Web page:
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And you just put a little bit like that.
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And then you want to --
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there's some sacrifices for science --
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just some popcorn falling on the floor.
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Let's do the long way around.
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(Robot buzzes)
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(Laughter)
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And then you have a little hand.
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You need to adjust the height of it,
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and you just do it by shrugging.
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(Laughter)
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(Applause)
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It has a little hand.
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(Hand thwacks)
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(Laughter)
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(Applause)
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I just bumped my mic off,
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but I think we're all good.
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OK, also I need to chew this popcorn,
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so if you guys could
just clap your hands a little bit more --
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09:22
(Applause)
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OK, so it's like your own
little personal solar system,
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because I'm a millennial,
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so I want everything to revolve around me.
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09:34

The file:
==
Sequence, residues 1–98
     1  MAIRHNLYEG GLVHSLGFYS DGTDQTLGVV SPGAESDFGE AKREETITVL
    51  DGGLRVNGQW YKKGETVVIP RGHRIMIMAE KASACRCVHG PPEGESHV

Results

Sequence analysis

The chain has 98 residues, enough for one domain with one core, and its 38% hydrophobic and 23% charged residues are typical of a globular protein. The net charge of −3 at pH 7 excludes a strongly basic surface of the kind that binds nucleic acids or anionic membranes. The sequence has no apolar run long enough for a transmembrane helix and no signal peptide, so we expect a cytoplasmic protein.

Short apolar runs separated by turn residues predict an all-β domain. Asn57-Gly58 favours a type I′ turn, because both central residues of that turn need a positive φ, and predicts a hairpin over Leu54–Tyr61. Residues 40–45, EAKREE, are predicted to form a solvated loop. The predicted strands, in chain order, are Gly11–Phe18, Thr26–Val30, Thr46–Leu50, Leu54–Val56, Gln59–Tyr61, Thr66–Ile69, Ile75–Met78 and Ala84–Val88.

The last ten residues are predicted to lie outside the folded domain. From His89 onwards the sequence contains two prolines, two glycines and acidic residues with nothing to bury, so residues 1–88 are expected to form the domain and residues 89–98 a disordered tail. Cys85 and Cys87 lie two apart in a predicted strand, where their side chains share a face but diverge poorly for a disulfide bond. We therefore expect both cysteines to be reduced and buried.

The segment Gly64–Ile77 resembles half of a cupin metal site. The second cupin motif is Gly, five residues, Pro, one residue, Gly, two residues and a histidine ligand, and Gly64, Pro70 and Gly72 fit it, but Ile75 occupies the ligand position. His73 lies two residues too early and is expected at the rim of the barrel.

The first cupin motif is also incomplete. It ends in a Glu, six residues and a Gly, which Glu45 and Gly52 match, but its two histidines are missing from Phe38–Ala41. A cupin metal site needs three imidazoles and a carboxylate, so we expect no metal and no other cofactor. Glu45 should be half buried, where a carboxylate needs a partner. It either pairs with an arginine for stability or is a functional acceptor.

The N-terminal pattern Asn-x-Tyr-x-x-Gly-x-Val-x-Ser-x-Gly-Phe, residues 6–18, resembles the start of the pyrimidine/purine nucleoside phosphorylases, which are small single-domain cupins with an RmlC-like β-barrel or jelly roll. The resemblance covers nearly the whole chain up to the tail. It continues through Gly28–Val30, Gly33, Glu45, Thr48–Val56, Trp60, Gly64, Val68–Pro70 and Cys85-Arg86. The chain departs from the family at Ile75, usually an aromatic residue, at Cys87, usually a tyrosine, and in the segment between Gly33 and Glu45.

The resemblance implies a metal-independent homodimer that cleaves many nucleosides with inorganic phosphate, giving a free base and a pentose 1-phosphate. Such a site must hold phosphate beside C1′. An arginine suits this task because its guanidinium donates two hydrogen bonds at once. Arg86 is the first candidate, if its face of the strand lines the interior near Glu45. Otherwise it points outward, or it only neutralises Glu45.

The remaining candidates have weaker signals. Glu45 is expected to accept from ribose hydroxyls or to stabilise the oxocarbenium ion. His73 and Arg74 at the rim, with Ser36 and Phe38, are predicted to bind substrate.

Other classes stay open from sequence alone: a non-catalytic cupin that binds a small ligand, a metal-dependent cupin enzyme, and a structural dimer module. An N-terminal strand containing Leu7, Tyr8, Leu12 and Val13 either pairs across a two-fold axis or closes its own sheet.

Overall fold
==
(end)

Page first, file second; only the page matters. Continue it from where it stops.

(Laughter)
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Back to the glass of water,
that's what we're here for.
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So, I promise -- I mean, it still has --
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it doesn't have any water in it,
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I'm sorry.
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But I still need to work
on this machine a little bit
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because I still need to pick up the glass
and put it on the platform,
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but if your hands
are shaking a little bit,
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nobody's going to notice
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because you're wearing
a very mesmerizing piece of equipment.
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So, we're all good.
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OK.
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10:02
(Robot buzzes)
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(Singing)
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Oh no, it got stuck.
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Isn't it comforting that even robots
sometimes get stage fright?
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It just gets stuck a little bit.
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It's very human of them.